Magazine article Personnel

Situation Critical

Magazine article Personnel

Situation Critical

Article excerpt

Faced with medical costs already running 5 to 10 percent of payroll, and annual premium hikes up to 30 percent, a growing number of corporate business groups are becoming frustrated with what they feel has been an unnecessary lack of progress in the healthcare debate.

Most business lobbyists, Capitol Hill staffers, and health experts agree there won't be any significant action to hammer out the outline of a consensus national health insurance proposal before the fall elections. "The health insurance issue isn't going anywhere fast, right now. And I don't expect anything to happen until January, at the very least:' observes Allen Neece, of Neece/Cator Associates, a Washington lobbying firm.

"The White House is not providing any leadership and Congress isn't moving until there's some kind of consensus. As a result, the debate has moved slowly. Too slowly, in my opinion"' says a senior lobbyist at the National Association of Manufacturers (NAM). Agreeing with this assessment, the AFL-CIO plans to launch a media blitz over the next several months consisting of TV and print ads designed to focus public attention on the need for a national health insurance program.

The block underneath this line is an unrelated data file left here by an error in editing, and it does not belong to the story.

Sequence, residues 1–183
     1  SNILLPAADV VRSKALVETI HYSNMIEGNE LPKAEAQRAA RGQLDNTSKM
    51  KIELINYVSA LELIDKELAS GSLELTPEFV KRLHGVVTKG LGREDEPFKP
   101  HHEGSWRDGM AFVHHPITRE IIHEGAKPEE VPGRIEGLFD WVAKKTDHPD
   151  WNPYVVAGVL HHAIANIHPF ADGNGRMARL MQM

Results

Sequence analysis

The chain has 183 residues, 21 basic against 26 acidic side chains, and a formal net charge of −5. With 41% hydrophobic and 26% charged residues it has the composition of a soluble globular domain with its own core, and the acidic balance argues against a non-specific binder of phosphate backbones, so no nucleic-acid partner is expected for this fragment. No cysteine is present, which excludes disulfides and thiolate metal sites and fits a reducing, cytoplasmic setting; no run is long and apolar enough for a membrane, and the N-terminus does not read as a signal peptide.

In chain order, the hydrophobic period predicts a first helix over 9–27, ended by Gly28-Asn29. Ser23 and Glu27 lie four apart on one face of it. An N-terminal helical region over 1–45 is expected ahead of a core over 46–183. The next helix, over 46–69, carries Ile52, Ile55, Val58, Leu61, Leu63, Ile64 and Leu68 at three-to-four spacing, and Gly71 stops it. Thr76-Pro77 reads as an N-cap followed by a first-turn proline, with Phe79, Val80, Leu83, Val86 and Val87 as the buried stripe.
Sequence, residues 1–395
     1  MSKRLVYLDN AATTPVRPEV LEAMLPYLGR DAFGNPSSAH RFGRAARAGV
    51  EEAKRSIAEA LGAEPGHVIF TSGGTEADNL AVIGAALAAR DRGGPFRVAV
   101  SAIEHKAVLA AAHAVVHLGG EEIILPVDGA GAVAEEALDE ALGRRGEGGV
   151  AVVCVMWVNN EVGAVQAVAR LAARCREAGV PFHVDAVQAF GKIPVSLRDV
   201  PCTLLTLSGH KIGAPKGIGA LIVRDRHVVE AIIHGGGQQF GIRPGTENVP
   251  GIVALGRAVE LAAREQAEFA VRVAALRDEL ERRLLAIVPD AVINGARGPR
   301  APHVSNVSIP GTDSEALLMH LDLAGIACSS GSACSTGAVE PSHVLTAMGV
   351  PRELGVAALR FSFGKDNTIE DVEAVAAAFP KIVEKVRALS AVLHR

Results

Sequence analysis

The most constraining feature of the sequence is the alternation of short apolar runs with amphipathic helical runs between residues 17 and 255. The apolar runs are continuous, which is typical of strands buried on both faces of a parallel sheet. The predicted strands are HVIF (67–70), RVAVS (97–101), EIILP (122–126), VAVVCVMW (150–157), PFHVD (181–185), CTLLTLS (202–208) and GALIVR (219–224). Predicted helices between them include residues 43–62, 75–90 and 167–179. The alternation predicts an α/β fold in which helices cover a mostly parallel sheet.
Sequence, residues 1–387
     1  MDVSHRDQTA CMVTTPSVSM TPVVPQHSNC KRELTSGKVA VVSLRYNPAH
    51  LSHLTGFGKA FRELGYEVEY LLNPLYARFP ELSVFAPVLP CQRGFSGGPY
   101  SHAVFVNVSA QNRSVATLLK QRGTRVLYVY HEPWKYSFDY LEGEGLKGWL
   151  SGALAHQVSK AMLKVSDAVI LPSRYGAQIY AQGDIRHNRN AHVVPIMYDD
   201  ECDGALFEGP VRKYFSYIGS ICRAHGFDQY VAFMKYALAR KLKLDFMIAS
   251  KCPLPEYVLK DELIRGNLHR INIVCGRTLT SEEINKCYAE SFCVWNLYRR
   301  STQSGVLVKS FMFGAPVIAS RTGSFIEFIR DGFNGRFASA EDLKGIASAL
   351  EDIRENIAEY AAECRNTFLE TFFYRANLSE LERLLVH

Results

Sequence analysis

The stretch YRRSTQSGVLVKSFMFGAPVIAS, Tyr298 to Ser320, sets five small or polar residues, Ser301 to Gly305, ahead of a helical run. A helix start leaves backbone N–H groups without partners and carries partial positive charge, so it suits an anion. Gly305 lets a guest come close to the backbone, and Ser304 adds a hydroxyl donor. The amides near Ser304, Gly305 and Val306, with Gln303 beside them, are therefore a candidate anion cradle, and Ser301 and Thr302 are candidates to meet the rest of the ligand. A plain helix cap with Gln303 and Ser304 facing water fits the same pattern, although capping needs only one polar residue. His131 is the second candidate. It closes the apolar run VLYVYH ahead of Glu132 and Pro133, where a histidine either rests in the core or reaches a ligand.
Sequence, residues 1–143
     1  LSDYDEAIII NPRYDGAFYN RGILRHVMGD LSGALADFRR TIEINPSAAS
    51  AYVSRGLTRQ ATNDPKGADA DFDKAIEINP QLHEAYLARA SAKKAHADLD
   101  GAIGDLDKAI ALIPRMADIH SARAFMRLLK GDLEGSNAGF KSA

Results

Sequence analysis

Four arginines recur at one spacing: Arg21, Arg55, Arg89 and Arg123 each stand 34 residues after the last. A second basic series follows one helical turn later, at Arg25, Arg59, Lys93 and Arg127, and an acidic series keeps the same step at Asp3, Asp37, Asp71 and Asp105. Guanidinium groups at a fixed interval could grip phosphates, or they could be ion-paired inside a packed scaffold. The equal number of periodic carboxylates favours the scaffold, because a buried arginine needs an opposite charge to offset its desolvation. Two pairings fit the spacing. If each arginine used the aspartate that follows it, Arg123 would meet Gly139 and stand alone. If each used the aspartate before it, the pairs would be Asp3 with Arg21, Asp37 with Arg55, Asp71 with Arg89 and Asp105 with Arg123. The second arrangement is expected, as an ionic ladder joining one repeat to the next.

If, during the fall elections, Congress gets the idea that voters want healthcare reform, experts feel the log jam may be broken. If not, the issue could continue on the back burner for some time. "The first six months after Congress convenes next January will be critical in determining the pace and direction of the national health insurance debate," maintains Dr. Robert Graham, executive vice president of the American Academy of Family Physicians. "If we haven't seen any significant action by then, I'm afraid it will be another couple of years before any serious changes will be made."

Based on interviews with key Washington political and healthcare insiders, here are three basic scenarios the national medical insurance debate could take over the next few months:

* Muddling Along. Neither Congress nor the White House takes dramatic action to focus and move along the healthcare debate to the point of actively endorsing and enacting specific proposals before the 1992 elections.

"The Republicans and the Democrats may decide it is not in their best interests to embrace a specific set of proposals because this could give the other side something to shoot at going into the next presidential election," argues Graham. …

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